Kuihs are Southeast Asian snacks especially popular in Singapore and Malaysia. It is an umbrella term, encompassing both sweet desserts and savoury bites. Dessert kuihs come in a thousand different shapes, colours, texture and designs, yet they are share a common set of base ingredients: coconut milk, grated coconut, pandan leaves, gula melaka (coconut palm syrup), rice flour, glutinous rice flour, tapioca and/or mung bean flour. The combination of these ingredients is responsible for the kuih’s delightful chewy texture and wonderful fragrance. They are naturally vegan too!
It’s hard to choose, but my favorite kuih has to be Kuih Ondeh Ondeh. These are essentially the Asian equivalent of a molten lava cake; a heavenly pool of melted gula melaka would squirt out as you bite into the chewy sweet potato skin that is infused with the essence of pandan. If anything, coconut + pandan + gula melaka makes the holy trinity of dessert kuihs!
I found several recipes online and they looked pretty easy to make (see links in recipe below). I could not be more wrong. First, I didn’t expect the difficulty in extracting fresh pandan juice from pandan leaves; 1 cup of pandan leaves only yielded a measly tablespoon of the precious green juice! Then I made another mistake by adding too much water when forming the dough. I had to rectify that by adding more glutinous rice flour, which screwed up the proportions of sweet potato-to-flour ratio (ideally it should be about 1:1). Finally, as I molded the balls, some of the gula melaka started melting and oozed out of the pre-boiled balls. The final outcome was, expectedly, disastrous. No oozing filling (it probably all leaked out into the water) and thick doughy skin that ironically, was limp and seemed to tear apart easily too.
From my disastrous experience, here are some pointers you may wish to keep in mind when making ondeh-ondeh:
- Use pandan essence as a quick solution to pandan juice. Unless you have a lot of time to squeeze the juice from the leaves and are willing clean up the blender.
- Add water to the dough little by little, until it resembles the texture of play-dough. It should not be sticky.
- Grate the gula melaka finely so that it melts easily.
- Use about 10g dough for each ball (I used 15g and it turned out huge as it actually expanded upon boiling.)
- Some recipes call for tapioca flour in the dough. Not sure how that would affect the texture of the dough.
Although the kuih ondeh-ondeh didn’t turned out well, I’ve learnt quite alot from this disaster and now appreciate the skill needed to make those balls of deliciousness. It’s also my first time working with pandan and glutinous rice flour, so it was quite an experience. Surprisingly both my mum and and sister actually liked the Ondeh Ondeh despite it lacking the squirty effect. So try the recipe at your own risk.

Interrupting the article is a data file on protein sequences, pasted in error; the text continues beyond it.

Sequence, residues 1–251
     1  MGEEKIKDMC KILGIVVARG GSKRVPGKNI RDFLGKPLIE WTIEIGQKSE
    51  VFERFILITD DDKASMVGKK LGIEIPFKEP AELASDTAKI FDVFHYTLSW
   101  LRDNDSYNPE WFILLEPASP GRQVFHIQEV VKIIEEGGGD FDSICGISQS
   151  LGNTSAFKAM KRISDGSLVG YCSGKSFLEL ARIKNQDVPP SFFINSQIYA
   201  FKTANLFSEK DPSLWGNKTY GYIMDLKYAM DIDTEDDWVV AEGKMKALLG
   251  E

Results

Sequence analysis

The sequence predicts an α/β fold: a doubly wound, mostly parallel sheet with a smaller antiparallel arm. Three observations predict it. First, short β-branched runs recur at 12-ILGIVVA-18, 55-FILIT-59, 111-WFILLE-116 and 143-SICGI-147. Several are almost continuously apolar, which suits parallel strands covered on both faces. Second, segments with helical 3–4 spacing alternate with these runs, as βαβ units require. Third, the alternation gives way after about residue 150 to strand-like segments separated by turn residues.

- 6 pandan leaves, chopped into small pieces; and 2 additional pandan leaves
- 2 tablespoons + 2 teaspoons water
- 120 grams sweet potato, skins removed (use different coloured sweet potatoes if preferred; I used 60 g each of Australian orange sweet potato and Vietnamese yellow sweet potato, and then divided the rest of the ingredients into two batches)
- 4 tablespoons coconut milk
- 120 grams glutinous rice flour
- 50 grams gula melaka, finely grated
- Dessicated coconut, as needed
- Cut 6 panadan leaves into small pieces and blend it with the water. Squeeze to get about 2 tablespoons of dark green pandan juice. Divide into two portions if using two different colored sweet potatoes.
- Steam sweet potato in a saucepan with a little water. Let cool down, then mash.
- Mix mashed sweet potato with pandan juice and coconut milk.
- Add in glutinous rice flour and incorporate until the dough comes together.
- Portion dough out into 10 - 15 gram pieces and flatten into circles. Place about half teaspoon of grated gula melaka into the center of the circle, roll into a ball and seal. Place the ball in a shallow plate of glutinous rice flour to prevent them from sticking together.
- Place the remaining 2 pandan leaves into a pot of water and bring to boil a pot of water. Drop the balls into the boiling water. Cook until the Ondeh Ondeh floats to the surface of the boiling water.
- Remove the Ondeh Ondeh with a slotted spoon and leave it to cool for 2 minutes.
- Roll the Ondeh Ondeh in grated coconut and serve.
Grate the gula melaka finely so that it melts easily.
Don't be too generous with the dough. About 10 grams for each ball should be sufficient as it will expand upon boiling.